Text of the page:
Marie Curie, Annemarie Schwarzenbach and, last but not least, the trailblazers of women's suffrage show that pioneering women have always existed. However, they were less present in the public perception, which is why pioneering spirit has been predominantly attributed to men. Today, things are different. "Pioneering spirit is an attitude. And this is not based on gender," stresses Britta. Women account for around as many of the projects funded by the Migros Pioneer Fund as men, although projects are not selected consciously on the basis of gender. "Diversity is now considered a competitive and innovative factor," says Britta. "In the area of social innovation, I would even go as far as to say that integrating as many varied and representative perspectives as possible is absolutely essential. This goes for gender, but of course doesn't stop there."
A nudge against the understatement of women
The differences between pioneering women and men are not so great, says Britta. However, the Migros Pioneer Fund is not completely free from clichés: "In our work, we now and then encounter a "typical" female reservation in our female pioneers, who can sometimes be less assertive with their ways and ideas than their male counterparts." Britta doesn't necessarily see this as a disadvantage, however. "If we see more potential in an idea, we will give the nudge needed to think about the idea on a somewhat bigger scale."
The three pioneers also give these nudges in the form of advice. "You have to be prepared to take a risk and do something that scares you," says Nora Wilhelm. Karen Rauschenbach advises building up a good network, while Ondine Riesen stresses the importance of young women sharing their own thoughts. "Because there is every chance that these thoughts are new."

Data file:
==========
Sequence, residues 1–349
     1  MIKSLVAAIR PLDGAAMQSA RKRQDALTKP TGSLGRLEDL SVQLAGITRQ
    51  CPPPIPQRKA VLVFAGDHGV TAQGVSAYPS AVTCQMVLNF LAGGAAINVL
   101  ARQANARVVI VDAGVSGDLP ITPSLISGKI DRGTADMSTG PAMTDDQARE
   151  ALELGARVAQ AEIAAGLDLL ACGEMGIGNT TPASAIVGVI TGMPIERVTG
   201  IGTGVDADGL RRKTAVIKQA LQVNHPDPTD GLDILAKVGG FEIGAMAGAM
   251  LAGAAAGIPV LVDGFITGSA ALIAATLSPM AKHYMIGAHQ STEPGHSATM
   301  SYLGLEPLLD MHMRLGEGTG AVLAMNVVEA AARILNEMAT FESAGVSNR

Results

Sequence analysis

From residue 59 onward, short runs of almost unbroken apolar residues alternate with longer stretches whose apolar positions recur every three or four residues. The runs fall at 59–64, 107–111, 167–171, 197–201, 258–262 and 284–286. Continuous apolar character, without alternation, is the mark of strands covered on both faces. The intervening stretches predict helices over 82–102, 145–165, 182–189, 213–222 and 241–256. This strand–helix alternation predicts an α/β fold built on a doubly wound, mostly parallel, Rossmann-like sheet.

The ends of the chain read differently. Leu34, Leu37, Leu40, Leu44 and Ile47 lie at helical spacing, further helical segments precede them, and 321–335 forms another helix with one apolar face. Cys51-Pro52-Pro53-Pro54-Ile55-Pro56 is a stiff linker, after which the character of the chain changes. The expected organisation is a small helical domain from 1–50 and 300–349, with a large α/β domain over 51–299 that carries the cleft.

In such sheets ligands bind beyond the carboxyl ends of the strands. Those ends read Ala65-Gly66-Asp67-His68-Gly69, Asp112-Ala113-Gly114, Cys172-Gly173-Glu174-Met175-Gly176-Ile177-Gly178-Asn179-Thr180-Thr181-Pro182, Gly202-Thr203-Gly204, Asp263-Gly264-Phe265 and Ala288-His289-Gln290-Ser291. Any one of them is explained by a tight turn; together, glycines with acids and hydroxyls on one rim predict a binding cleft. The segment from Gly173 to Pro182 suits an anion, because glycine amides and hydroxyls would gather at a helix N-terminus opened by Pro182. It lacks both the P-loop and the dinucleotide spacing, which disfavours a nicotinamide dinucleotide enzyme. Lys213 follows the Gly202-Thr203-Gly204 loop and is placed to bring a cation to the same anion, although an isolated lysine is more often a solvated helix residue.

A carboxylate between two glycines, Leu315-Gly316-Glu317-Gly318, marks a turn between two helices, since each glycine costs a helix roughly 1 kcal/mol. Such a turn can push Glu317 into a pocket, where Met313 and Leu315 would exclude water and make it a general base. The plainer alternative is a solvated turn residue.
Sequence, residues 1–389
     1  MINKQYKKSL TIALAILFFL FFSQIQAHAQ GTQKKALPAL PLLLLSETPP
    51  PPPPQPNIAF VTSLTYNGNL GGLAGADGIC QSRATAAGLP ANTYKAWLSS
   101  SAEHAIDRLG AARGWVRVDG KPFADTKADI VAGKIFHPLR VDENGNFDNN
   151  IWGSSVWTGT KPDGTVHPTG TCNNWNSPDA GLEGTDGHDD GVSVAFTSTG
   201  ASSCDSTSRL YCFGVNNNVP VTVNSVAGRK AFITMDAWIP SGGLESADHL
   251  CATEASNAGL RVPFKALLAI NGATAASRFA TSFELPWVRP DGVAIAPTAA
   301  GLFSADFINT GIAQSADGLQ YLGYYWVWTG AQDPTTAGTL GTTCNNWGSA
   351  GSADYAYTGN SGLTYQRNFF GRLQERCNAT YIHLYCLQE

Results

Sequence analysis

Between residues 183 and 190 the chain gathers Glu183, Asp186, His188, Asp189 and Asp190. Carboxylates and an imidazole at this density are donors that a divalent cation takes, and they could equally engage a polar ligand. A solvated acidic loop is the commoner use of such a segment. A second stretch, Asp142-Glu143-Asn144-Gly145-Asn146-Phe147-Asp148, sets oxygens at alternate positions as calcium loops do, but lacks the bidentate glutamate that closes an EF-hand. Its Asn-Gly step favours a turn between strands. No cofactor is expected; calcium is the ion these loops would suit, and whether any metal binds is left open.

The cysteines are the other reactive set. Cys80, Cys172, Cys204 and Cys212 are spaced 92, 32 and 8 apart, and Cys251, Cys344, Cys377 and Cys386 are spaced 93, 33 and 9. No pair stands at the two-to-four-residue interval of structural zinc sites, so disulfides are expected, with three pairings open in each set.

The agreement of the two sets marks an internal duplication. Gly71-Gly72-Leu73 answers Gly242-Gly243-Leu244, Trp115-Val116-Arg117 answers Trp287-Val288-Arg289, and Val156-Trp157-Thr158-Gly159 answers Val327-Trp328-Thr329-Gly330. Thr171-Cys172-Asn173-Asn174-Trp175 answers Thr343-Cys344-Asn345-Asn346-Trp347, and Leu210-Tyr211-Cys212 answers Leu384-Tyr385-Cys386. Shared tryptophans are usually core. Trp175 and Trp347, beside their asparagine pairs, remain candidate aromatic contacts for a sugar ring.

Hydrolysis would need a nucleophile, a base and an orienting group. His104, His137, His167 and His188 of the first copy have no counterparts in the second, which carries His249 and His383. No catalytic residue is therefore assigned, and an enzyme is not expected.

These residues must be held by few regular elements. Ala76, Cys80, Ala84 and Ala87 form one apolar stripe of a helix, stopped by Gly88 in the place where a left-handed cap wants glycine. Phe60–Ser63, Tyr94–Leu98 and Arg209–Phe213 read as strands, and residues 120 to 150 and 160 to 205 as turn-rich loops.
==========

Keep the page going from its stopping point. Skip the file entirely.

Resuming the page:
Social entrepreneurship with an above-average number of women in leadership positions
In social entrepreneurship, equality between women and men in leadership positions has already been well achieved. This was the conclusion of the first Swiss barometer on social entrepreneurship, published by the organisation SENS with support of the Migros Pioneer Fund (about the project SCHUB) in autumn 2020. The organisation surveyed around 300 Swiss companies that are striving to make positive social, ecological or cultural impacts. On average, 46% of the leadership positions in these companies with a social mission were occupied by women – nine percentage points higher than the Swiss average. SENS attributes this to the high number of part-time positions in social entrepreneurship, which makes it easier for partners to split tasks in the home and at work.
Texts: Marion Loher und Lea Müller